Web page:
Comings and goings in Hockey East
erased a 2-0 Boston College lead and wrapped up a 3-2 win
at Conte Forum Friday night, it made the start of the season
seem like a distant memory – as antiquated as Grand
Theft Auto on the original Playstation.
These two teams
– which opened the year with a 6-0 Eagles win in Amherst
– have been high-tailing it in opposite directions
lately. BC, after an 8-0-1 start, is 2-5-2 in its last nine;
UMass, which started 2-4-0, is 10-3-1 in its last 14.
head coach Don Cahoon may protest that his young troops
aren’t a top-tier Hockey East team just yet, but they’ve
got two more wins than the highly-regarded Eagles (albeit
in two more games). And even with only two seniors on the
roster, they’re playing like veterans – their
last three victories have come by one goal. UMass is 6-3
on the year in one-goal games and have come back from two-goal
deficits to win four times.
certainly not in the upper echelon,'' said Cahoon. ''But
we're a young team that works hard.''
a two-game set against Hockey East’s other surprise
team, Merrimack, this weekend, UMass could continue a charge
towards possible home ice in the first round of the Hockey
East tournament. This after finishing ninth (of nine) in
the conference each of the last two years.
Jerry York and BC try to battle through injuries and bad
puck luck. All five Eagle losses this season have come by
one goal, so clearly it's not as bad as the 2-5-2 stretch
Shannon’s return from the World Junior Championship
should help, as will the pleasant surprise that Ben Eaves
should be back for this weekend. Eaves was originally expected
to miss at least three weeks with a groin injury.
we're in a tough cycle,'' BC coach Jerry York told the Boston
Herald. "We've played some very close games and we've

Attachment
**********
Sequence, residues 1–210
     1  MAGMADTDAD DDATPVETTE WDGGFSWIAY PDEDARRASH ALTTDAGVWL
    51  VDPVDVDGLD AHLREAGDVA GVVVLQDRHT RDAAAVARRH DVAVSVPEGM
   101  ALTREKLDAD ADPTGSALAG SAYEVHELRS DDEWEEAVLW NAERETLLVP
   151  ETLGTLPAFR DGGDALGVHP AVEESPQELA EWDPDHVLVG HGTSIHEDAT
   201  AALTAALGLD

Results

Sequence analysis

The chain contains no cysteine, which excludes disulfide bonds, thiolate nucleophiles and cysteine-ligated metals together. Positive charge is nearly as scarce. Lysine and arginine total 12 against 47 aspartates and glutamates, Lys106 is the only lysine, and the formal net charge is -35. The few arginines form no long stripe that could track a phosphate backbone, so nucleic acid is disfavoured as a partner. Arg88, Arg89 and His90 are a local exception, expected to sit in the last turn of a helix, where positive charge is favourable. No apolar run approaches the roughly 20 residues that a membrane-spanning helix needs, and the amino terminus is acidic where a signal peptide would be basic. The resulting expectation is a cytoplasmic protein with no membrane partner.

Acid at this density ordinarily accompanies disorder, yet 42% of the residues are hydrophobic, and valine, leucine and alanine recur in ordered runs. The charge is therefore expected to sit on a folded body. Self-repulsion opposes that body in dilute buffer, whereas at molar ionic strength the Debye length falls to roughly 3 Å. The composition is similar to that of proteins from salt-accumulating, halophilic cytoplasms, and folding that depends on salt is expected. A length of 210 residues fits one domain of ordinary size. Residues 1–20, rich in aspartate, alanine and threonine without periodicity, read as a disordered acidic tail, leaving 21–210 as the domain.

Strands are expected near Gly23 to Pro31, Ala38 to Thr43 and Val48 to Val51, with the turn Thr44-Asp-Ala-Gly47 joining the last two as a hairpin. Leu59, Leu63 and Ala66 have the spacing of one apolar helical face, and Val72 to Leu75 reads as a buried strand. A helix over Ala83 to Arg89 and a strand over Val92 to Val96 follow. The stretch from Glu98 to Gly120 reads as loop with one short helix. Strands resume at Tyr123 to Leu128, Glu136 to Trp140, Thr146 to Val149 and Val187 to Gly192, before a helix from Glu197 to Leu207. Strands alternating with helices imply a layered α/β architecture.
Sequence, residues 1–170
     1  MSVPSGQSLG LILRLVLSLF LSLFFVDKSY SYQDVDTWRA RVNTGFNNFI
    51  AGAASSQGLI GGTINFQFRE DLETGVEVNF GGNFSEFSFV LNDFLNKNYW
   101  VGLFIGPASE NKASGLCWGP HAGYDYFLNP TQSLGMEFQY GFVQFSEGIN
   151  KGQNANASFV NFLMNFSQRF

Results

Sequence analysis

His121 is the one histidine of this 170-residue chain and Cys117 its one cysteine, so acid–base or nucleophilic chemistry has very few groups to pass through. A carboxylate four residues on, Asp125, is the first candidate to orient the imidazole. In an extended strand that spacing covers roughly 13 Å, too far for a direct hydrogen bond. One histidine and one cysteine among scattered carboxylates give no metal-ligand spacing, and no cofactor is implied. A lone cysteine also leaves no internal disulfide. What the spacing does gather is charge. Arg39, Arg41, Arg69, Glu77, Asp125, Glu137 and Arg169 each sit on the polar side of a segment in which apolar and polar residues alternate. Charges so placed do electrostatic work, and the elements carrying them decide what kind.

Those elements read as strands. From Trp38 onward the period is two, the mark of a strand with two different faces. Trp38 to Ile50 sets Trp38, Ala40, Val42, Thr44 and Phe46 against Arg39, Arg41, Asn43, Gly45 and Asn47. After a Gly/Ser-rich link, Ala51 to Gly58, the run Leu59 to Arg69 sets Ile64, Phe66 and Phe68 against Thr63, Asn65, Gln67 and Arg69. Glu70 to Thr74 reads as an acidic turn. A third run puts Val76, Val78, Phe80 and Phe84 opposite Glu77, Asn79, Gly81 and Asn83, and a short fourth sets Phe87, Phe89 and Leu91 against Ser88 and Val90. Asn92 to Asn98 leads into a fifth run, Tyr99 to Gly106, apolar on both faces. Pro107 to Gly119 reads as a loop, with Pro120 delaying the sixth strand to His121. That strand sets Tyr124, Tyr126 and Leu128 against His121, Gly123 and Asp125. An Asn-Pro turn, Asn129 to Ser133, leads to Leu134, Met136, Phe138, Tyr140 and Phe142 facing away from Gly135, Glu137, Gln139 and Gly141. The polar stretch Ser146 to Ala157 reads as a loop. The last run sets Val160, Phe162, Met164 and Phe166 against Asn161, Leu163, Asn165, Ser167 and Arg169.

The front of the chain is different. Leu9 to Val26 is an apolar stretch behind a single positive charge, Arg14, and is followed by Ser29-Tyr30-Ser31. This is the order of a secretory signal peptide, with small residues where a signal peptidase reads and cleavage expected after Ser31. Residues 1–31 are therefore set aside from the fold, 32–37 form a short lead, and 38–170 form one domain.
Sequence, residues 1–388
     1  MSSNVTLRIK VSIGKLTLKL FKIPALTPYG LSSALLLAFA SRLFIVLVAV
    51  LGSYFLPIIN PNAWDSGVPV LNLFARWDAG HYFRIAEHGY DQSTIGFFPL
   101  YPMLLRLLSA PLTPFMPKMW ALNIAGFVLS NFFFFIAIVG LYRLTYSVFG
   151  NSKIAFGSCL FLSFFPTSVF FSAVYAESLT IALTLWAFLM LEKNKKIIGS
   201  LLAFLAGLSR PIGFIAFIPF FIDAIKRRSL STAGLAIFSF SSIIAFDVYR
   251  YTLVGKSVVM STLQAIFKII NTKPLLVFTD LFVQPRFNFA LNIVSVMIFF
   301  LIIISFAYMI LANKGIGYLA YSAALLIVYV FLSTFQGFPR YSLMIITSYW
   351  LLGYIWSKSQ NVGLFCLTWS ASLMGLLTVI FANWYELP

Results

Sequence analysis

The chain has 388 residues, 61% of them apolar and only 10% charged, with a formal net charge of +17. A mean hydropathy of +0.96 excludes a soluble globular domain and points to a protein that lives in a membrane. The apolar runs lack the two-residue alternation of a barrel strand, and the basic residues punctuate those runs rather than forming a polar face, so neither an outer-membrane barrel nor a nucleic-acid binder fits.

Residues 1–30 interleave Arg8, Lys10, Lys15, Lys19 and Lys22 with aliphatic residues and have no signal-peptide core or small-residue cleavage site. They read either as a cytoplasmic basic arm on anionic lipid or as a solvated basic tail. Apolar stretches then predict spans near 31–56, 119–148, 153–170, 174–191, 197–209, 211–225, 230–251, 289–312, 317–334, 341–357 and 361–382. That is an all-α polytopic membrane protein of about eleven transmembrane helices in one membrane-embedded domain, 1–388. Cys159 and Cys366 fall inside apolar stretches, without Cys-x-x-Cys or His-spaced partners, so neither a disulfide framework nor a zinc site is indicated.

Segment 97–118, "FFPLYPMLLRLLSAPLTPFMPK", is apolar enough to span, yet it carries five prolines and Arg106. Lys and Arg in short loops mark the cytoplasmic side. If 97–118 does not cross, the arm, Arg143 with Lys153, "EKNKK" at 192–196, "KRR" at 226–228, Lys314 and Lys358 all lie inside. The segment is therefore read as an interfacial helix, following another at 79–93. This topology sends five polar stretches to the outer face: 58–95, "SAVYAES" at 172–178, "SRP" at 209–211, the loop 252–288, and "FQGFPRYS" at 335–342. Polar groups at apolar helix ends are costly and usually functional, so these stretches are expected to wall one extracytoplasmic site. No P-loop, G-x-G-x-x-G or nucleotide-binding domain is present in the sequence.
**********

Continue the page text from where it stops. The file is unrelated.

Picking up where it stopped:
tied some, lost some. We just have to keep plugging.''
MORE NOTES NO FAN SHOULD BE WITHOUT
Happy returns? – It’s easier to predict
New England winter weather than guess how players will respond
in their first games back from the World Junior Championship.
Some return bolstered by the experience of playing against
top competition with national pride on the line; others
are exhausted from a grueling schedule or disheartened by
schools welcome top young talent back to their lineups this
weekend (click here for the U.S. roster, and don’t
forget Cornell’s Dave LeNeveu, who played for Team
Canada). One good thing – unlike many years, players
didn’t have to fly from Europe, since the tournament
was in Nova Scotia. And since the bronze medal game was
on Sunday, they’ve had a few days to recuperate.
Who catches fire
and who cools off could have a big effect on the league
races. Could Ryan Shannon (BC) or Chris Higgins (Yale) give
their team a big spark? Shouldn’t Ryan Whitney and
Brian McConnell make BU even better? Of course. But keep
an eye out. A post-WJC slump could really hurt teams that
expect too much from these returning freshmen and sophomores.
What He Said
you ask the president which he'd rather win, New Hampshire
or the election, he'd have to think before he answered."
– Josh Lyman, The West Wing
Dartmouth and New Hampshire have bigger goals in mind
this season than being crowned the best team in the
state. But given the way both are playing, next Wednesday's
matchup at Manchester's Verizon Wireless Arena deserves
a little extra attention.
Wildcats were very impressive in two wins last week
after a so-so December. In conference play, they've
got Hockey East's best offensive player this year
(Lanny Gare) and its second-best goaltender (Mike
Dartmouth has turned heads with its 9-4-0 record,
including a title in the Ledyard National Bank Classic
in which it beat a CCHA team (Notre Dame) and a Hockey
East team (UMass Lowell). The Big Green are 8-1-0
since Nov. 9.
fantastic to see this game taking place at the state's
premier arena. The Wildcats hold a commanding 27-15-1
lead in a series that, admittedly, has never been
much of a rivalry. But this year, at least, the being
the best team in New Hampshire really means something.
Yeah, but could he stop dad? – Hall of Fame
forward Mike Gartner was one of the best pure goal scorers
the game has ever seen. But while it might have come naturally
to him, goal scoring was not among the traits he passed